Eventually, this all developed into a “CompuCoven” — nothing formal, no set membership (in those days, there was a fair bit less online traffic, for one thing).”
A Yule ritual held December 20, 1994, in the Pagan Room of the New Age Forum of CompuServe , provides the earliest web reference I can find as to a ritual online (http://www.notelrac.com/whuups.dir/rituals.dir/yule_compuserve.html).
Also in 1994, Tyagi Nagasiva (Tyagi@HouseofKaOs.Abyss.com) produced the “Mage’s Guide to the Internet (MaGI)” a lengthy listing of occult resources online. This document was particularly important because it did not focus on one religion or aspect of mysticism, but instead tried to represent all religions. The document lists 14 private and 50 public email groups, 46 Usenet groups, five BBS sites and 33 IRC channels discussing magic. Interestingly, the document also indicates seven MUs (multi-user domains), 30 FTP sites, 14 electronic publications and 32 other forms of electronic communication. All of these have to do with religion (including Christianity) and the author included documentation on how to access/subscribe to each form of communciation.
Philip H. Farber (PStuart@aol.com) wrote “Invoking the Psychosphere, A Process-Eon Experiment in CyberRitual” in February, 1996 in which he describes “…a web of points that suggests a sphere. This semi-spherical web can fill a place in our ritual analogous to the circle of offline ritual. The web represents a microcosm of the entire Internet and the human minds operating it.” Mr. Farber calls this structure a ‘Psychosphere.’ I found his description beautiful, and similar to my imagined view of cyber coven rituals in which each member casts a glowing personal sphere which, when we connect in the cyber circle, then becomes a glowing jeweled web linking us around the globe.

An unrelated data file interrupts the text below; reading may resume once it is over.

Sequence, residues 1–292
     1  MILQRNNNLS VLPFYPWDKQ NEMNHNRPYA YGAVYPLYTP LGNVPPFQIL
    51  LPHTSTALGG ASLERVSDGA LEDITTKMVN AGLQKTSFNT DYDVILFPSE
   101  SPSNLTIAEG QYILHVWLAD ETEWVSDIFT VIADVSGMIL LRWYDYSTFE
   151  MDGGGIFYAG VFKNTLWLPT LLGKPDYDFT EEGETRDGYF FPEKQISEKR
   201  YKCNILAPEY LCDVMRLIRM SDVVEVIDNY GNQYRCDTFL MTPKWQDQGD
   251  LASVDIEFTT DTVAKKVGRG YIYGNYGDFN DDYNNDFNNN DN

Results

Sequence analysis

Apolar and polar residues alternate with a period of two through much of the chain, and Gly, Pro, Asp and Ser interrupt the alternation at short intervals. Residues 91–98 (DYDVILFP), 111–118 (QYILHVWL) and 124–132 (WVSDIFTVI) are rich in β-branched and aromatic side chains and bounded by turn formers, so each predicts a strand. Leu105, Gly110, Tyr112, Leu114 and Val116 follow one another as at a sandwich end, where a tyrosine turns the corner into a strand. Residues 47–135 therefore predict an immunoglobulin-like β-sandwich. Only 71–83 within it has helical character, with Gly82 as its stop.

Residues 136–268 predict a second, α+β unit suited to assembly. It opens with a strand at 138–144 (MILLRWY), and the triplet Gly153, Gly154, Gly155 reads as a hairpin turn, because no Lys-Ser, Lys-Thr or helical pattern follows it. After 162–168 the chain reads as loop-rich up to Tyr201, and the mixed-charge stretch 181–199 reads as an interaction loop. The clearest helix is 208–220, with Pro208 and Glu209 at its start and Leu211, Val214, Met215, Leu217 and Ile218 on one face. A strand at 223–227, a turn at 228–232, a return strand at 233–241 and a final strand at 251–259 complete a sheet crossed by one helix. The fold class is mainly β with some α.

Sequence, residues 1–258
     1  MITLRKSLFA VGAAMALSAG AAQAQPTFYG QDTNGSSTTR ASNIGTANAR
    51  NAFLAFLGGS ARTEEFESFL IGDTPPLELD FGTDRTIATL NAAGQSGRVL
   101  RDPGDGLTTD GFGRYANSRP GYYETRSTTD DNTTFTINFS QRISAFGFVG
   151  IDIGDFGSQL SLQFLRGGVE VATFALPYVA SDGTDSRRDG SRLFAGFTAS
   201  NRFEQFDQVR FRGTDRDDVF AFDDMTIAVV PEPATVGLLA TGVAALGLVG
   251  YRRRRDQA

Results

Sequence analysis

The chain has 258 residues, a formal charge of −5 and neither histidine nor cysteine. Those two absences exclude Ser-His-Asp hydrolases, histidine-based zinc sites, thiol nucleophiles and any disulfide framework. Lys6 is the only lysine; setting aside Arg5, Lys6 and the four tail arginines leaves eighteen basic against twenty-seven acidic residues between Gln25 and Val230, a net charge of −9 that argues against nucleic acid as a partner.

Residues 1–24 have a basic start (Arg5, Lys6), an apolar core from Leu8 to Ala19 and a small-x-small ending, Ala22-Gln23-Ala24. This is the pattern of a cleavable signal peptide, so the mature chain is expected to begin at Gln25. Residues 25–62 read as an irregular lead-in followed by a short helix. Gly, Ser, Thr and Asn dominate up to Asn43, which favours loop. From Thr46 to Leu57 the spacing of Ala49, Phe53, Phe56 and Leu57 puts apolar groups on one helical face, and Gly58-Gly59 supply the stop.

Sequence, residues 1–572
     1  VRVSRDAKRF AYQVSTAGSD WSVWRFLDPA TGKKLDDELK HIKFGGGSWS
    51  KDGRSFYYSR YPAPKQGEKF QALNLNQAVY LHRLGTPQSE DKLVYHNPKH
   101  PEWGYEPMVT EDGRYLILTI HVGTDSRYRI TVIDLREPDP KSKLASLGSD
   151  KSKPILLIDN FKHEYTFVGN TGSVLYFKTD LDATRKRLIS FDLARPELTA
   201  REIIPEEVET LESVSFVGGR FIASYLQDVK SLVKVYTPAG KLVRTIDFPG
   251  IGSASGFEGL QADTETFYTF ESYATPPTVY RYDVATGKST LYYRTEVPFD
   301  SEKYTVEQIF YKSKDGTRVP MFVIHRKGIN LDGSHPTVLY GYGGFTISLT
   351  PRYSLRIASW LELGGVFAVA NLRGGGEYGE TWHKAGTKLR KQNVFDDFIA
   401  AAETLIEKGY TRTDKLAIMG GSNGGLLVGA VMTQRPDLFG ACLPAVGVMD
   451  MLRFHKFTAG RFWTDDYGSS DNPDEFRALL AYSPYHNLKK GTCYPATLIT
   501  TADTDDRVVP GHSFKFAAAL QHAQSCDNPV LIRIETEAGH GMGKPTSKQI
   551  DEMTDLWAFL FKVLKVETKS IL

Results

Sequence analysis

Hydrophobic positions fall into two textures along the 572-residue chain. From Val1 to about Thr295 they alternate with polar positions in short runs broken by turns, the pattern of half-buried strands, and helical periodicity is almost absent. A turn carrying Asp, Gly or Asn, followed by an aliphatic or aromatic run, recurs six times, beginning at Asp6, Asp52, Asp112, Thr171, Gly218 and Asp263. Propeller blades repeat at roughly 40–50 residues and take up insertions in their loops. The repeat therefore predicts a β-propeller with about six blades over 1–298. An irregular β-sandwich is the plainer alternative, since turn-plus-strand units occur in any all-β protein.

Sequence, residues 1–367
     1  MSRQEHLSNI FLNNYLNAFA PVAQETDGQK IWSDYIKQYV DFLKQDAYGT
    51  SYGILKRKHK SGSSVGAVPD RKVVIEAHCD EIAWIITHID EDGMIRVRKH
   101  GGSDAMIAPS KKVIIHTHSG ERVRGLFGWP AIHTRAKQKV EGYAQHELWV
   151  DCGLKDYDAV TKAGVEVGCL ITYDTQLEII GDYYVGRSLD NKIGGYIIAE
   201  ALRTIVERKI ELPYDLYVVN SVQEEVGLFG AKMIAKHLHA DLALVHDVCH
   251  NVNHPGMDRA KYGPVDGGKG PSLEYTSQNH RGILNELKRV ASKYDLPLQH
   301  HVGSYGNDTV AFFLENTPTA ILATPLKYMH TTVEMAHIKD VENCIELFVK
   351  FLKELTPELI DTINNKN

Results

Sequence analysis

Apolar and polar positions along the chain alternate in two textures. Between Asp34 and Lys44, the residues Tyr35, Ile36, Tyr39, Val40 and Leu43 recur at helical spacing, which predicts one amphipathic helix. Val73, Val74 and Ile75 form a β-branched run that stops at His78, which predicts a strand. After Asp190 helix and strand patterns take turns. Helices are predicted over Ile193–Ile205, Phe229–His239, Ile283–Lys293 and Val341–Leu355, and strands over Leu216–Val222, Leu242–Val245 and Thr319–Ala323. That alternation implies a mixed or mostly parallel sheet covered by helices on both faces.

On a recent stroll through the Web, I found this:
“A number of us who frequent the House O’Chatter have got together on a number of occasions to perform ritual in cyberspace. Most often these rituals have taken the form of eclectic healing circles for the benefit of our family in the House O’Chatter when healing needs have arisen… Over time, the rituals have become a little more elaborate and their goals more complex, as we have realized how well cyber-ritual can work.”
From looking further into their web site, I find that this group has been doing cyber ritual since October 1, 1997 monthly and occasionally more often. They are utilizing the technology of web-based chat rooms hold their rituals, a slightly updated version of the AOL forums.
I know of only one other group that holds ritual in cyberspace, and that would be the Guild of Chaos Magicians at AutonoMatriX, a group with one of the most comprehensively maintained collection of cyber rituals I have ever seen. Meticulously detailed and frequently utterly unique, this group has been doing magick online since 1994, and they continue to perform magickal workings online.
Speaking to the Dead, a Samhain cyber-ritual dedicated to Doreen Valiente, held on October 31 1999 at #open-sesame was the most similar to ShadowMoon’s ritual in that it was held on IRC. I found this ritual and its web site is particularly interesting. This site is a full explanation, including pictures, background and lore, of the ritual held. It is a richer version of the texts I usually send out to prepare participants for our rituals. I may just ‘steal’ this idea and start creating web pages myself!
In the end, I strongly believe that there is a component to ShadowMoon (and now JaguarMoon) making it unique: we combine all aspects of the physical coven experience into a full-blown cyber experience. There are many solitaire pagans who do cyber-ritual and there are online covens who share information. But very few (really, almost no one) actually combine teaching, with information sharing, with ritual. So, although ShadowMoon isn’t the first cyber coven, it is the first one to give its members the same experience as a great physical coven would. I am proud to be a participant in the ShadowMoon Tradition, and prouder still to have the opportunity to explore the new magickal arena of cyber space.
Lisa Mc Sherry
(several of these URLs are defunct. I list them here for reference purposes):
Personal email conversation, Jehana (firstname.lastname@example.org)
Personal email conversation, Striyx (email@example.com)